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The International Monetary Fund warned Wednesday that the economic woes brought on by the coronavirus pandemic could spark an outbreak of protests.
"Some countries remain vulnerable to new protests, particularly if policy actions to mitigate the COVID-19 crisis are perceived as insufficient or as unfairly favoring large corporates rather than people,” the IMF said.
As the number of confirmed coronavirus cases passed two million across the globe, much of the world has been under strict lockdown to contain the spread of the virus.
In its semi-annual Fiscal Monitor report, the IMF said protests are "more likely in countries with histories of widespread corruption, lack of transparency in public policy, and poor service delivery."
While mass protests are unlikely under strict lockdown, unrest could spike once the crisis appears to be under control, Vitor Gaspar, director of the IMF’s fiscal affairs department, told Reuters.
Tensions are already rising in areas where large swaths of the population fall below the poverty line even without a lockdown. In Mumbai, India’s commercial capital, migrant workers protested at a railway station Tuesday demanding to be allowed to return to their homes in the countryside. That day Prime Minister Narendra Modi had expanded the world’s largest lockdown, with India’s 1.3 billion people, until May 3. It originally was set to expire Tuesday.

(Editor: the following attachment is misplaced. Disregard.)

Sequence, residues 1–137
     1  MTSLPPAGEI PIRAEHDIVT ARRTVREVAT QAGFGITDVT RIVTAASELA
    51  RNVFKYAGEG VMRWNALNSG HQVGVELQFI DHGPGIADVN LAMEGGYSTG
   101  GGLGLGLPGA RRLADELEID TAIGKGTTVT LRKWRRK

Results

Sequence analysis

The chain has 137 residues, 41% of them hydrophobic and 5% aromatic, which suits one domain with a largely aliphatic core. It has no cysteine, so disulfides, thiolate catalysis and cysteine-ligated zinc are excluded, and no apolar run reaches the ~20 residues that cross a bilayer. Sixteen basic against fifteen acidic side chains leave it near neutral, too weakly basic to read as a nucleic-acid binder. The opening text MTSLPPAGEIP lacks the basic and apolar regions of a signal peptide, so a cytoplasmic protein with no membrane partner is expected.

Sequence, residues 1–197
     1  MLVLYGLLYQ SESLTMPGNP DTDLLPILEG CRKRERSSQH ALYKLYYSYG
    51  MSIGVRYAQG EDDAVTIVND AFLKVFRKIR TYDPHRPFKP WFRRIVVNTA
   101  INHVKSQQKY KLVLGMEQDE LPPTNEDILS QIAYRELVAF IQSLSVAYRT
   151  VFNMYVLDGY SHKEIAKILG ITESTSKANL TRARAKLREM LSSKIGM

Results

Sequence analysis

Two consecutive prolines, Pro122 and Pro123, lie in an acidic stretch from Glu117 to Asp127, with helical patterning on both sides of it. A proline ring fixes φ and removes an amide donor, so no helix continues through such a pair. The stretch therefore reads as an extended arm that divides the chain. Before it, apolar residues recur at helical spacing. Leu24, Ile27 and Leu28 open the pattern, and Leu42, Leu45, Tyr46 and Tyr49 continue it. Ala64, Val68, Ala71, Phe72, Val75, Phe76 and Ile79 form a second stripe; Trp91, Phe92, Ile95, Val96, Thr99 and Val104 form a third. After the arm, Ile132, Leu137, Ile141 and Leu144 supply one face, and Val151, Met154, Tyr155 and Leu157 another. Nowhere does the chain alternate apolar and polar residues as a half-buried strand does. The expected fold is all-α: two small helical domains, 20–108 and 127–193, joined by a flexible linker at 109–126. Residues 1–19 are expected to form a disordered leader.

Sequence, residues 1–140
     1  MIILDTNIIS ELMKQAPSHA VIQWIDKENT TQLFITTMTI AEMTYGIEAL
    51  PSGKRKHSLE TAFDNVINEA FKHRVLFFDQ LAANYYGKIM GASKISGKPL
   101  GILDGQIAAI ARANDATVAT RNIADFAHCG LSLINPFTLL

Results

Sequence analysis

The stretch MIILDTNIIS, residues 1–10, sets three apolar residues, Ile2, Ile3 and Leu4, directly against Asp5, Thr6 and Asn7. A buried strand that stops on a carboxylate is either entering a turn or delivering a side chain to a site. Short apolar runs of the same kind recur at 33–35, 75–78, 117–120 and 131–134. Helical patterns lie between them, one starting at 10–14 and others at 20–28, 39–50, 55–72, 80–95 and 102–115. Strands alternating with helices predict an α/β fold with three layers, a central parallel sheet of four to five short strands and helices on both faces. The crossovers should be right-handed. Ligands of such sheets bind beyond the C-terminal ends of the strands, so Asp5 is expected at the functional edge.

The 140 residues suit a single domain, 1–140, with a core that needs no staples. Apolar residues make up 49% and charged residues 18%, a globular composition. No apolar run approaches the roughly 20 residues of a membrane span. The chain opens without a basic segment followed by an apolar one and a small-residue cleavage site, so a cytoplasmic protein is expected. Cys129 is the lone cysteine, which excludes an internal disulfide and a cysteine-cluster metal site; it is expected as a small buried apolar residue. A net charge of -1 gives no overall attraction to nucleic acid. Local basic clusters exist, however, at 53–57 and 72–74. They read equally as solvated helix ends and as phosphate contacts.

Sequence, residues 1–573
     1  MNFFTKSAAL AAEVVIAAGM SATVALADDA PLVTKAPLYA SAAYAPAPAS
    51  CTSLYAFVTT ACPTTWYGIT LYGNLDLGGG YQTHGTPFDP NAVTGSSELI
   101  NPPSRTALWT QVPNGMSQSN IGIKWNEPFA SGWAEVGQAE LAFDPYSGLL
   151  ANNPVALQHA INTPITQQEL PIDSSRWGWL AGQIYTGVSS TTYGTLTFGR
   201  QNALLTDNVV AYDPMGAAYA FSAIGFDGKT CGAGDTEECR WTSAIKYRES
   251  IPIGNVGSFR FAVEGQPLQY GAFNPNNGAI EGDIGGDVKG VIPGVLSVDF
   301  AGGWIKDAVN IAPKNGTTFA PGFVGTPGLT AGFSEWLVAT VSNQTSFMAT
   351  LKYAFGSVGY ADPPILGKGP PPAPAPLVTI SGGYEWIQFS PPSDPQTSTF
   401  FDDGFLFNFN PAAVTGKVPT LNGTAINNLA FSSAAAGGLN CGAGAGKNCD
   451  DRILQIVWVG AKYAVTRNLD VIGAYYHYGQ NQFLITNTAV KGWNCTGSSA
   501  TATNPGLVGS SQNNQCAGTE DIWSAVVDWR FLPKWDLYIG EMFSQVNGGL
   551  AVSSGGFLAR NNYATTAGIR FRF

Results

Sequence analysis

Meanwhile, governments have spent nearly $8 trillion to mitigate economic fallout and fight the pandemic. Global public debt is expected to rise 13 percentage points in 2020 to nearly 96 percent of gross domestic product. U.S. debt levels are predicted to reach 131 percent of GDP.
The IMF forecasted the global economy to shrink three percent during 2020, but said forecasts were made with “extreme uncertainty” and could be far worse.
IMF chief economist Gita Gopinath said previous disasters and crises had fostered solidarity, but this one could be different.
“If the crisis is badly managed and it’s viewed as having been insufficient to help people, you could end up with social unrest,” she told Reuters.
She said it was imperative that the international community play a supportive role for poorer countries through concessional financing and debt relief.